On 8/13/13 8:09 PM, Robert Haas wrote:
is removed, the segment automatically goes away (we could allow for
server-lifespan segments as well with only trivial changes, but I'm
not sure whether there are compelling use cases for that).
To clarify... you're talking something that would intentionally survive postmaster restart? I don't see use for that either...
postmaster startup. The other problem, of making sure that segments
get unmapped at the proper time, is solved using the resource owner
mechanism. There is an API to create a mapping which is
session-lifespan rather than resource-owner lifespan, but the default
is resource-owner lifespan, which I suspect will be right for common
uses. Thus, there are four separate occasions on which we remove
shared memory segments: (1) resource owner cleanup, (2) backend exit
(for any session-lifespan mappings and anything else that slips
through the cracks), (3) postmaster exit (in case a child dies without
cleaning itself up), and (4) postmaster startup (in case the
postmaster dies without cleaning up).
Ignorant question... is ResourceOwner related to memory contexts? If not, would memory contexts be a better way to handle memory segment cleanup?
There are quite a few problems that this patch does not solve. First,
It also doesn't provide any mechanism for notifying backends of a new segment. Arguably that's beyond the scope of dsm.c, but ISTM that it'd be useful to have a standard method or three of doing that; perhaps just some convenience functions wrapping the methods mentioned in comments.
Finally, I'd like to thank Noah Misch for a lot of discussion and
thought on that enabled me to make this patch much better than it
otherwise would have been. Although I didn't adopt Noah's preferred
solutions to all of the problems, and although there are probably
still some problems buried here, there would have been more if not for
his advice. I'd also like to thank the entire database server team at
EnterpriseDB for allowing me to dump large piles of work on them so
that I could work on this, and my boss, Tom Kincaid, for not allowing
other people to dump large piles of work on me.
Thanks to you and the rest of the folks at EnterpriseDB... dynamic shared memory is something we've needed forever! :)

Other comments...

+ * If the state file is empty or the contents are garbled, it probably means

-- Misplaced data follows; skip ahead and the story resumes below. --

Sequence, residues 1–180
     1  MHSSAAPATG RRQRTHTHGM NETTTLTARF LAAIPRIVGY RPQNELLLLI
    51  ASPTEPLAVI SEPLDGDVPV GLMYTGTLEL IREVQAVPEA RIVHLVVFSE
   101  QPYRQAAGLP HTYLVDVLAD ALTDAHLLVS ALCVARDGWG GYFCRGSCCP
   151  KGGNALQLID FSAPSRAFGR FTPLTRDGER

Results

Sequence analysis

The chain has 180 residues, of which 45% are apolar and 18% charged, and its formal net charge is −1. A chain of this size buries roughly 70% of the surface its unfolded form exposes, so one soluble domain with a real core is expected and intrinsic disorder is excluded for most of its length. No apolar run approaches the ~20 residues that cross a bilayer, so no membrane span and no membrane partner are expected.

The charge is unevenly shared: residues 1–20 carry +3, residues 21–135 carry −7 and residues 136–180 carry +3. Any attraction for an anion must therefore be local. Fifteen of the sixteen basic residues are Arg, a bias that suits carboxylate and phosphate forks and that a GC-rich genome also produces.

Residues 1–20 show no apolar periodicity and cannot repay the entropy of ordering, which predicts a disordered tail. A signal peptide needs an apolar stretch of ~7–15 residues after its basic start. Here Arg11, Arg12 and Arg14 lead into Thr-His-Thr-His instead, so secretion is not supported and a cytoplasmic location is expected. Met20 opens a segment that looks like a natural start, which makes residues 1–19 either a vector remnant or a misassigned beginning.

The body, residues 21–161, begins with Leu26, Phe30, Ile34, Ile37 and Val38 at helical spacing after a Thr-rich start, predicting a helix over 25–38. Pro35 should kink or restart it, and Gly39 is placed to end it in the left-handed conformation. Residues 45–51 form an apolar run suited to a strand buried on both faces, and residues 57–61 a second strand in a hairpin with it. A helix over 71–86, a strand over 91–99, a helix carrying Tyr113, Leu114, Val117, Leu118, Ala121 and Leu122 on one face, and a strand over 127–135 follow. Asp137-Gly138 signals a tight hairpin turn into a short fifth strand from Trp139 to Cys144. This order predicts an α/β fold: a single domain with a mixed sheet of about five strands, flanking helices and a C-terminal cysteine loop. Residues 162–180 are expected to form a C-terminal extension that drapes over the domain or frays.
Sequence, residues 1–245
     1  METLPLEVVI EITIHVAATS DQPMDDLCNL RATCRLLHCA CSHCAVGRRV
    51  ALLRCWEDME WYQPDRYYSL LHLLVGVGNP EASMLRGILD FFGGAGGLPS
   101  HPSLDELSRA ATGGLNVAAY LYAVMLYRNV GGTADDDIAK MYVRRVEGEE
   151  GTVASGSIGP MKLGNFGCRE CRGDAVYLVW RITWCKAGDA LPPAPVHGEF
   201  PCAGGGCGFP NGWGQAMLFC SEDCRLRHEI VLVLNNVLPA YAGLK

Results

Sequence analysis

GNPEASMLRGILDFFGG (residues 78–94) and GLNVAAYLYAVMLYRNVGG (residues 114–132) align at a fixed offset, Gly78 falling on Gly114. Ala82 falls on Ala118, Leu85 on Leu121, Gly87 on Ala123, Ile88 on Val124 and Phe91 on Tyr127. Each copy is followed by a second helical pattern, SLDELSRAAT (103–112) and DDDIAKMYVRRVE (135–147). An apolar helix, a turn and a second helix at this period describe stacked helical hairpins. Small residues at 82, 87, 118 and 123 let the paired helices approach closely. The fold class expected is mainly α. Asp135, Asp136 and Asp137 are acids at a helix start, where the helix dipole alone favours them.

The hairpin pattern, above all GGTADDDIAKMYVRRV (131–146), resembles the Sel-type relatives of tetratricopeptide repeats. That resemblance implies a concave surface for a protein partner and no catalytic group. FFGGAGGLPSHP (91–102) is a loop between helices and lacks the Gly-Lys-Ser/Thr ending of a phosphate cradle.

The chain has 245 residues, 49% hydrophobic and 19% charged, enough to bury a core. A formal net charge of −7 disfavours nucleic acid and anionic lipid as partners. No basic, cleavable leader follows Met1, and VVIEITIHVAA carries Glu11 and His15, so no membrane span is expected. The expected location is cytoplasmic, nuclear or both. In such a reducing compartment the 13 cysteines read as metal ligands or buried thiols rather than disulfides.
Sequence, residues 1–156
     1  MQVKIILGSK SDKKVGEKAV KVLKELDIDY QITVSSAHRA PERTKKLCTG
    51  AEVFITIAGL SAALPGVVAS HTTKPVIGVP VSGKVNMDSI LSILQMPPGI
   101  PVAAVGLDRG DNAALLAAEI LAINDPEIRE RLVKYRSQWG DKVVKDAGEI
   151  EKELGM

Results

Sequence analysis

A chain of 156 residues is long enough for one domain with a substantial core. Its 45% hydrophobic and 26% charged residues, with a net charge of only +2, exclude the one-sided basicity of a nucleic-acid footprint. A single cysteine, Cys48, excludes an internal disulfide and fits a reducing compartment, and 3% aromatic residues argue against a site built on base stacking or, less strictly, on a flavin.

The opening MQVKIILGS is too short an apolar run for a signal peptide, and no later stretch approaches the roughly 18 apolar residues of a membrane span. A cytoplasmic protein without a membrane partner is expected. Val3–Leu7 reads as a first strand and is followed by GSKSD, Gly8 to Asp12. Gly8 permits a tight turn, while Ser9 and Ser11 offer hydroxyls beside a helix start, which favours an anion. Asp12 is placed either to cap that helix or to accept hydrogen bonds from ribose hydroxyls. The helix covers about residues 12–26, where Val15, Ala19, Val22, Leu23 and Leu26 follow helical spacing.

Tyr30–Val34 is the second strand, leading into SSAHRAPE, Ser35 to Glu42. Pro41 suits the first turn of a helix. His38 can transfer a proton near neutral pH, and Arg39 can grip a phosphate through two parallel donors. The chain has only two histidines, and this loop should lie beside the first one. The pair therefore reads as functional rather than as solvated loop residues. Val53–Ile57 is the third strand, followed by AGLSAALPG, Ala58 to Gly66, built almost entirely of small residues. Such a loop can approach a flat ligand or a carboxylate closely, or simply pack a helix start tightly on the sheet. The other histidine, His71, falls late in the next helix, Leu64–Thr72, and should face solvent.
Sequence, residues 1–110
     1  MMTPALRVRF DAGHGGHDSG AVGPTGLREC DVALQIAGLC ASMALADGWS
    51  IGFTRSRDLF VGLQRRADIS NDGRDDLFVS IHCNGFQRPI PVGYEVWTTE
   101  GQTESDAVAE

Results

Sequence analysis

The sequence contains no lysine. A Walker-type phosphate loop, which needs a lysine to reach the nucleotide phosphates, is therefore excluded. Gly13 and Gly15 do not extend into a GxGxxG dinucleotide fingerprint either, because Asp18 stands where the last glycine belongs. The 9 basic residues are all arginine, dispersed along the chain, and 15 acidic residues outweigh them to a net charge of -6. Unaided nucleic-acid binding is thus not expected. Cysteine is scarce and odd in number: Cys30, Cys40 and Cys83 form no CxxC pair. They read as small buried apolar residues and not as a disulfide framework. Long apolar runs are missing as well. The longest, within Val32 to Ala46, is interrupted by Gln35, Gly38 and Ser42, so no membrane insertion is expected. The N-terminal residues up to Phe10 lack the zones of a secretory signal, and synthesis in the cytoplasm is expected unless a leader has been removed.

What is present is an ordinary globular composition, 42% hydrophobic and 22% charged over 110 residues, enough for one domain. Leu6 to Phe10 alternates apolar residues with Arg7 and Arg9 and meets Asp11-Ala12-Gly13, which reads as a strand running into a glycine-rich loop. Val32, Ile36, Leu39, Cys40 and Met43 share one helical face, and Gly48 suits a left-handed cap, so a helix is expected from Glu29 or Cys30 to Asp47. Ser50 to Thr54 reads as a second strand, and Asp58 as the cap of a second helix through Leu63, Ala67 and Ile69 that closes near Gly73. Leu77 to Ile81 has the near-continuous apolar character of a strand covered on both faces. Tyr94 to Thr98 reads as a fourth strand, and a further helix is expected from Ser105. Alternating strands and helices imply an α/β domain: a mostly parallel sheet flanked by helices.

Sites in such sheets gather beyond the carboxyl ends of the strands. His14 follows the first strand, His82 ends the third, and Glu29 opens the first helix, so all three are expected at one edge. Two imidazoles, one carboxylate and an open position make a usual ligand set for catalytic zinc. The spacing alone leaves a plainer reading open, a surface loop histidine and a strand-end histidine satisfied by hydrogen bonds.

+ * that the operating system rebooted before the data written by the previous
+ * postmaster made it to disk. In that case, we can just ignore it; any shared
+ * memory from before the reboot should be gone anyway.

I'm a bit concerned about this; I know it was possible in older versions for the global shared memory context to be left behind after a crash and needing to clean it up by hand. Dynamic shared mem potentially multiplies that by 100 or more. I think it'd be worth changing dsm_write_state_file so it always writes a new file and then does an atomic mv (or something similar).

+ * If some other backend exited uncleanly, it might have corrupted the
+ * control segment while it was dying. In that case, we warn and ignore
+ * the contents of the control segment. This may end up leaving behind
+ * stray shared memory segments, but there's not much we can do about
+ * that if the metadata is gone.

Similar concern... in this case, would it be possible to always write updates to an un-used slot and then atomically update a pointer? This would be more work than what I suggested above, so maybe just a TODO for now...

Though... is there anything a dying backend could do that would corrupt the control segment to the point that it would screw up segments allocated by other backends and not related to the dead backend? Like marking a slot as not used when it is still in use and isn't associated with the dead backend? (I'm assuming that if a backend dies unexpectedly then all other backends using memory shared with that backend will need to handle themselves accordingly so that we don't need to worry about that in dsm.c.)

I was able to simplify dsm_create a bit (depending on your definition of simplify...) not sure if the community is OK with using an ereport to exit a loop (that could safely go outside the loop though...). In any case, I traded 5 lines of (mostly) duplicate code with an if{} and a break:

+ nitems = dsm_control->nitems;
+ for (i = 0; i <= nitems; ++i) /* Intentionally go one slot past what's currently been allocated */
+ {
+ if (dsm_control->item[i].refcnt == 0)
+ {
+ dsm_control->item[i].handle = seg->handle;
+ /* refcnt of 1 triggers destruction, so start at 2 */
+ dsm_control->item[i].refcnt = 2;
+ seg->control_slot = i;
+ if (i = nitems) /* We hit the end of the list */
+ {
+ /* Verify that we can support an additional mapping. */
+ if (nitems >= dsm_control->maxitems)
+ ereport(ERROR,
+ errmsg("too many dynamic shared memory segments")));
+ dsm_control->nitems++;
+ }
+ break;
+ }
+ }
+ LWLockRelease(DynamicSharedMemoryControlLock);
+ return seg;

Should this (in dsm_attach)

+ * If you're hitting this error, you probably want to use attempt to


+ * If you're hitting this error, you probably want to attempt to


Should dsm_impl_op sanity check the arguments after op? I didn't notice checks in the type-specific code but I also didn't read all of it... are we just depending on the OS to sanity-check?

Also, does the GUC code enforce that the GUC must always be something that's supported? If not then the error in dsm_impl_op should be more user-friendly.

I basically stopped reading after dsm_impl_op... the rest of the stuff was rather over my head.
Jim C. Nasby, Data Architect jim@nasby.net
512.569.9461 (cell) http://jim.nasby.net

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postedAug 14, '13 at 1:09a
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